Adam from Aeroworks Productions unboxes the new Pixhawk 2 flight controller.

• An integrated, single board / box flight controller.
• Sufficient I/O for most applications without expansion.
• Improved ease
-of-use.
• Improved sensor performance.
• Improved microcontroller resources.
• Increased reliability and
reduced integration complexity. • Reduced BoM and manufacturing costs.

Key design points

• All-in-one design with integrated FMU and IO and lots of I/O ports.
• Improved manufacturability, designed for simpler mounting and case design. • Separate power supplies for FMU and IO (see power architecture section).
• On-board battery backup for FMU and IO SRAM / RTC.
• Integration with the standard power brick.

Pixhawk FMU Main Board

• STM32F427; flash 2MiB, RAM 256KiB.
• On
-board 16KiB SPI FRAM
MPU9250 or ICM 20xxx integrated accelerometer / gyro. • MS5611 Baro
• All sensors connected via SPI.
• Micro SD
interfaces via SDIO.

Vibration Damped IMU board

• LSM303D integrated accelerometer / magnetometer. • L3GD20 gyro.
MPU9250 or ICM 20xxx Gyro / Accel
• MS5611 Baro

• All sensors connected via SPI.

I/O ports

• 14 PWM servo outputs (8 from IO, 6 from FMU).
• R/C inputs for CPPM, Spektrum / DSM and S.Bus.
Analogue / PWM RSSI input.
• S.Bus servo output.
• 5 general purpose serial ports, 2 with full flow contr
ol
• Two I2C ports
• One SPI port (un
-buffered, for short cables only not recommended for use). • Two CAN Bus interface.
• 3 Analogue inputs
• High-powered piezo buzzer driver. (On expansion board)
• High-power RGB LED. (I2C driver compatible Connected externally only)
• Safety switch / LED. 

Views: 1812

Comment by Muscate on November 7, 2016 at 7:36pm

looks exciting!

Heres the product link also... http://www.proficnc.com/ (238USD)

I wish it was a lil smaller and cheaper though haha.. but hey, this is great

Comment by JB on November 8, 2016 at 5:18am

Looks really well made from the video.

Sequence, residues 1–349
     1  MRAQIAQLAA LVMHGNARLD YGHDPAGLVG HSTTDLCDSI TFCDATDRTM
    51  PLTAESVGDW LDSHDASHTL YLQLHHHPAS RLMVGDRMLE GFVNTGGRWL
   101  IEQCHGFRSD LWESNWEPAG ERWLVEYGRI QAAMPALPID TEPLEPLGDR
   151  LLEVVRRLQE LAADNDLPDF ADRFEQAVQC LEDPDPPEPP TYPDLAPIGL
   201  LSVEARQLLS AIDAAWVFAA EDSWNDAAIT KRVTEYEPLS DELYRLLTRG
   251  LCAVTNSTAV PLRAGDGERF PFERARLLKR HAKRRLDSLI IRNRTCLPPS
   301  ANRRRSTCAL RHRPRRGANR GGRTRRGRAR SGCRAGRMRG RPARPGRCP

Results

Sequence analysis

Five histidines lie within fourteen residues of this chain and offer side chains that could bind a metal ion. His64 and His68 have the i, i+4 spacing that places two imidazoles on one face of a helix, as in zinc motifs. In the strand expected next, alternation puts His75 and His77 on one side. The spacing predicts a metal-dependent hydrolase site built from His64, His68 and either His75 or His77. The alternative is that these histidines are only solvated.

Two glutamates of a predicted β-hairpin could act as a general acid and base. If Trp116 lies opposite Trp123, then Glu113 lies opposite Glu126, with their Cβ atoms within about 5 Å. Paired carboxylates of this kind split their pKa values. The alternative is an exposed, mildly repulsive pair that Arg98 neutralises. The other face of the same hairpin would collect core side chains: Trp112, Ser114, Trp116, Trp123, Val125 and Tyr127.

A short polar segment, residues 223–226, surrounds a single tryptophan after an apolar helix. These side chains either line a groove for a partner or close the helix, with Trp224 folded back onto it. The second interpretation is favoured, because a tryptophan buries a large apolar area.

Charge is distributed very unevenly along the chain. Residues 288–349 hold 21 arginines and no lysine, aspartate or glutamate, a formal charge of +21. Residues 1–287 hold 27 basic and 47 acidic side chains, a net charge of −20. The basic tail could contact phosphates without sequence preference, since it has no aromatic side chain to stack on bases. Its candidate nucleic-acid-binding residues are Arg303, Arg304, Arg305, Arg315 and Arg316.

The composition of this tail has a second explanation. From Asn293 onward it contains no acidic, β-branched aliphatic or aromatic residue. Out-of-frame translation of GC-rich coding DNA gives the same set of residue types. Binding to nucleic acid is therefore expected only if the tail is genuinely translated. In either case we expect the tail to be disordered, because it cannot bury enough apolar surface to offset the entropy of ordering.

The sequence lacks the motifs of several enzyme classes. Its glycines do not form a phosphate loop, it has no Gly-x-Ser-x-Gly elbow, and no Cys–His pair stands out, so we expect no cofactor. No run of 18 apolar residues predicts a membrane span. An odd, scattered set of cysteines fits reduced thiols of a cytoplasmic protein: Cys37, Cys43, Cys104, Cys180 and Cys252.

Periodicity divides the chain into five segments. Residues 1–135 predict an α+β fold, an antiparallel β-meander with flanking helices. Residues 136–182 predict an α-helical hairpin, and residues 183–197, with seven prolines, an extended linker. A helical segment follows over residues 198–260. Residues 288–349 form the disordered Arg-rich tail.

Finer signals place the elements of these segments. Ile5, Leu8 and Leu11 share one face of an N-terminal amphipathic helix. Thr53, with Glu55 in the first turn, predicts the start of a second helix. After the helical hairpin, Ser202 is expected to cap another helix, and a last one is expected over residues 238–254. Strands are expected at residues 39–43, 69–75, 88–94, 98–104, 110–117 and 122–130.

Is it plastic or aluminium?

Comment by AKRCGUY on November 8, 2016 at 7:08am
@Jb Its plastic but a much more solid feel than the original Pixhawk.
Comment by Thomas Butler on November 8, 2016 at 3:31pm

Other than leveraging the "cube" from the Sol, how is this two piece design mechanically better than an integral Pixhawk PCB!

Additionally, might want to do some fact checking on the sensor specs.  The MPU9250 which has the 6500 die inside, is not as good as the ubiquitous MPU6000.  Nor is the AK8963 compass die inside the MPU9250 better than the ubiquitous HMC5983 compass.  The numbers do not lot, nor do they succumb to hyperbolae. 

Additionally, the unfortunate aspect about the "vibration dampened IMU board" is that it has a fixed resonant frequency. It will only be truly an improvement on a copter with a specific resonant frequency. As a low pass filter, there is no way to tune it. A better solution would allow the IMU to be tuned by adding or removing isolation and/or damping whereby the LPF resonant frequency can be optimized for the copter it is mounted on.  This design will still require an additional low pass filter; i.e., damping and/or isolation.  Net result is that the IMU should have just been hard mounted, and then the whole gizmo tuned (by shifting the resonant frequency of the filter through the addition of damping weight and/or isolation) by the used. Really just basic harmonics theory involved here!

Nice box though; more waste of environmental resources!


Developer
Comment by Philip on November 8, 2016 at 5:37pm

Hi Thomas
  Its unfortunate that you feel this way.  But please do some research...

  The new sensors are able to be sampled at 8KHz for the Gyro, and 4KHz for the accelerometer, which combined with the vibration isolation gives a robust solution to many platforms.

  You are of course welcome to participate in our weekly development calls, or to contact us via Github, or gitter, or email, or any of the many methods that this project has had open over the last 3 years while its been very publicly designed.

  As to the so called "fixed resonance..." asking will get you further... the cube is held together with screws, this can be disassembled to add a spacer into the cube to move the resonant frequency away from that of your frame. I have been recommending that people send it on a ride along to first log with high rate logging the characteristics of their frame, then we will have the data to recommend the right solution.